I don’t know Irv, but he greets me every morning on my walk to work, rain or shine, with a big, generous “hello.” Thankfully today, August 30, 2011, it is 75 degrees, low humidity with a gentle breeze. Chicagoans were right when they told me a few glorious days between June and October would bring forgiveness for all winter brutality.
As I walk to work down Michigan Avenue, the mannequins in the store windows forecast the season to come. Wrapped in layers of wool and placed in snow-stomping boots, their frigid stares are a stark contrast to the sun-kissed plantings.
Walking to work is a luxury. Thirty minutes of street theater. Today, a farmers’ market surrounds the Telebone sculpture in front of the MCA. A taxi cab driver and an out-of- town pedestrian have a conversation in expletives. Turns out, the cabbie was right about the left-hand turn signal. And then there’s Marilyn, 26 feet tall and causing a controversy in her lacy undies.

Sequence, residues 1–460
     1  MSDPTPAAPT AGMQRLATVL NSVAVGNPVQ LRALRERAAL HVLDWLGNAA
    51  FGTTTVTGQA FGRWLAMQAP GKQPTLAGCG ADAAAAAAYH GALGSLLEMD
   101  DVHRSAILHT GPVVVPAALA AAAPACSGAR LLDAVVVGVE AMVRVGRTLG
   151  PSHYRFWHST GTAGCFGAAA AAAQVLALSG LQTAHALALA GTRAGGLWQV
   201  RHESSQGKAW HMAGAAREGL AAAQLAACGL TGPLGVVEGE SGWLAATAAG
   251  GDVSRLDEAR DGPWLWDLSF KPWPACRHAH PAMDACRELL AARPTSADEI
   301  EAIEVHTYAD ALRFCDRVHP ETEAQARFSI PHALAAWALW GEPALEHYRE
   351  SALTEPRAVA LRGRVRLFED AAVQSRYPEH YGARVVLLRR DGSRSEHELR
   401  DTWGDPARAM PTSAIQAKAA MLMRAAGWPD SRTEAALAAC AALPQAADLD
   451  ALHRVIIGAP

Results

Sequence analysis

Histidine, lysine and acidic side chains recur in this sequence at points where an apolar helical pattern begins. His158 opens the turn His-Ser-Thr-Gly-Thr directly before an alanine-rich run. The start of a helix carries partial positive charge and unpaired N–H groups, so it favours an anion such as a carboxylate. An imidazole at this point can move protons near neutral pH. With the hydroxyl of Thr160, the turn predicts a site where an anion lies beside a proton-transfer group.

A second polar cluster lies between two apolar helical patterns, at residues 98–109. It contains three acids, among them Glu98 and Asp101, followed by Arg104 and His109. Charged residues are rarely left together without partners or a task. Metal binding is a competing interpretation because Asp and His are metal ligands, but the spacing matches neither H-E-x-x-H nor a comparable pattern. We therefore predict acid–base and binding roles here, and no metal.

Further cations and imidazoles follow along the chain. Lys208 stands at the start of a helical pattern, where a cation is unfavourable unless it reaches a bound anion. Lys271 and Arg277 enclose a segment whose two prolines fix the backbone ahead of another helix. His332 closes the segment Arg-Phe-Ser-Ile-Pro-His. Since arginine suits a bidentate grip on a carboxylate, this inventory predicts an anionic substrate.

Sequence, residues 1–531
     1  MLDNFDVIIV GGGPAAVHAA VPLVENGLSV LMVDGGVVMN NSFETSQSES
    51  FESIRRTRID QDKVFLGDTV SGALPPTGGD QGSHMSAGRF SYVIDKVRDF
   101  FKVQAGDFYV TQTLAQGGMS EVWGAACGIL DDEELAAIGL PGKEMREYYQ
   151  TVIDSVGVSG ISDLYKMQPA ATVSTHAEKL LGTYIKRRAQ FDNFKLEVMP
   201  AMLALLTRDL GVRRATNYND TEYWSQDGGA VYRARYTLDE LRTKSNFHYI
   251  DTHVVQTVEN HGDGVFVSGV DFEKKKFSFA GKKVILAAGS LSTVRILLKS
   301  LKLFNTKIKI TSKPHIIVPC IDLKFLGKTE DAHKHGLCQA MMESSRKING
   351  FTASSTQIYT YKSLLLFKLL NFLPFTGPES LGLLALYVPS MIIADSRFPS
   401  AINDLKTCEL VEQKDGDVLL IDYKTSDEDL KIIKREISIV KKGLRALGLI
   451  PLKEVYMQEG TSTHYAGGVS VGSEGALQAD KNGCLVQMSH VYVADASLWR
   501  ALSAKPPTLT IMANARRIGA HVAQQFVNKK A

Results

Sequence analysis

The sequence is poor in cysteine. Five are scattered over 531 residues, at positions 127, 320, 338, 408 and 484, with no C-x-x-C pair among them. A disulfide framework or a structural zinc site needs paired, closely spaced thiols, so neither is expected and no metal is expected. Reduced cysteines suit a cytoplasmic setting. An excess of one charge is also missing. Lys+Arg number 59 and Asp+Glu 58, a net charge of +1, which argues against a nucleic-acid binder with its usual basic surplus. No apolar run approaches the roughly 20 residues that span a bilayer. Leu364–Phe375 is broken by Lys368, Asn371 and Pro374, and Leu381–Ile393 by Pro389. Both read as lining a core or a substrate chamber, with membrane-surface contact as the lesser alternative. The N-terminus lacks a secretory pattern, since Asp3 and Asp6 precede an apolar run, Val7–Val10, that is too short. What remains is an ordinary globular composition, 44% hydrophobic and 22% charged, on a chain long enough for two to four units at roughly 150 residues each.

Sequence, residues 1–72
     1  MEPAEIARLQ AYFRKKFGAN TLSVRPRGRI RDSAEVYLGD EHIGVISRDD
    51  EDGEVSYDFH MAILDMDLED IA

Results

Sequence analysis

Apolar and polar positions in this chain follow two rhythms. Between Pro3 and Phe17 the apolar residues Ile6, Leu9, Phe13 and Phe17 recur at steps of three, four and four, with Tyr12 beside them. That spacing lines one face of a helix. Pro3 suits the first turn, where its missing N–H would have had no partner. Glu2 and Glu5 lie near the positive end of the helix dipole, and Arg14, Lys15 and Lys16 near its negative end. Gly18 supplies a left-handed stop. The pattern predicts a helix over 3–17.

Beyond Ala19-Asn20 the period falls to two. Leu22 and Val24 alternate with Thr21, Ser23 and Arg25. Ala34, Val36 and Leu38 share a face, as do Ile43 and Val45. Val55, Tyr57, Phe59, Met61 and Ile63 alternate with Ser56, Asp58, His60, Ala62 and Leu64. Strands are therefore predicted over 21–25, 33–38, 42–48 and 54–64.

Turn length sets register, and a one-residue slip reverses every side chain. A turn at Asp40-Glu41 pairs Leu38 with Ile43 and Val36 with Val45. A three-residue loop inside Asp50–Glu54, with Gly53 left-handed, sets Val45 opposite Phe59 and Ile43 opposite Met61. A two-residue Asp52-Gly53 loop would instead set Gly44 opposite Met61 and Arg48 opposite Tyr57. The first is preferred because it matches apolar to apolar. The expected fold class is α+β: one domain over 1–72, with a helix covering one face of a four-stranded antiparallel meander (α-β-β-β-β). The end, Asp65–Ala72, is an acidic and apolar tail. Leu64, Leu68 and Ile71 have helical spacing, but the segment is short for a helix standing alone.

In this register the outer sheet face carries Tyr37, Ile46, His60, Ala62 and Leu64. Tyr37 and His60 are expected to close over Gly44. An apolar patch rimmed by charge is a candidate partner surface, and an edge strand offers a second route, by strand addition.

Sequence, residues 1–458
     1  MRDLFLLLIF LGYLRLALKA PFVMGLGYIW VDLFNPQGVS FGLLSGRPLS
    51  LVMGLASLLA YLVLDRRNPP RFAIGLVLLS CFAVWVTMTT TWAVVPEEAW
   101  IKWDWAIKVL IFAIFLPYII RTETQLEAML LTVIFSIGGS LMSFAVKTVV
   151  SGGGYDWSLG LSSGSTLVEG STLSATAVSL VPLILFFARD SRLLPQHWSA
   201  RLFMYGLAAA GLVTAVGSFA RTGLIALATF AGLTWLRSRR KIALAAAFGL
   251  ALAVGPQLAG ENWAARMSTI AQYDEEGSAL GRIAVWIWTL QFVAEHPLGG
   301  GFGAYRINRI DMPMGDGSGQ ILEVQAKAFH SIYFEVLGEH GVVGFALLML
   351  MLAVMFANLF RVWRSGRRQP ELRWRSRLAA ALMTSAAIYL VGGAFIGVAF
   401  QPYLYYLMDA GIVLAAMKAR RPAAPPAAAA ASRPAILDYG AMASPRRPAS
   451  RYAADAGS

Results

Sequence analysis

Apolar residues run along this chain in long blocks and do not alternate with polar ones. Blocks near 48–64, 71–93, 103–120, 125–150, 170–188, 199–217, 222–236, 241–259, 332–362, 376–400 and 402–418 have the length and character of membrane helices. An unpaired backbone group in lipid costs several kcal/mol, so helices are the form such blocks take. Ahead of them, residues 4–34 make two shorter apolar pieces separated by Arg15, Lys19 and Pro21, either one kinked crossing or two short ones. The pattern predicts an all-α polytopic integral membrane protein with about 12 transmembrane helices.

I head down Wacker Drive. And I see Irv in the distance. He’s always there. Affable grin, the biggest hand wave you can imagine. He’s a daily reminder to me of how warm and welcoming Chicago is. I feel like I should know Irv better. I think if I get to know folks like Irv, I’ll feel more at home here.
Unlike New York City, where I spent the last 24 years of my life, Chicago does not belong to the transient. Chicago people have roots in Chicago. They dig into their city.
Six degrees of separation feels more like two. Chicago feels like the love child of the two places I spent most of my life – the Carolinas and NYC. Small town meets big city. Small towns are tight knit. It is hard for outsiders to stop feeling like outsiders unless they try. And that’s what I intend to do.
I’m going to do a better job of getting to know people in this town. Starting with Irv who goes by the name Kup (pronounced Cup) as any true Chicagoan will tell you.
About the author: Susan Credle came to Chicago in 2009 to be Chief Creative Officer of Leo Burnett. She’ll stay in Chicago because it is starting to feel like home.
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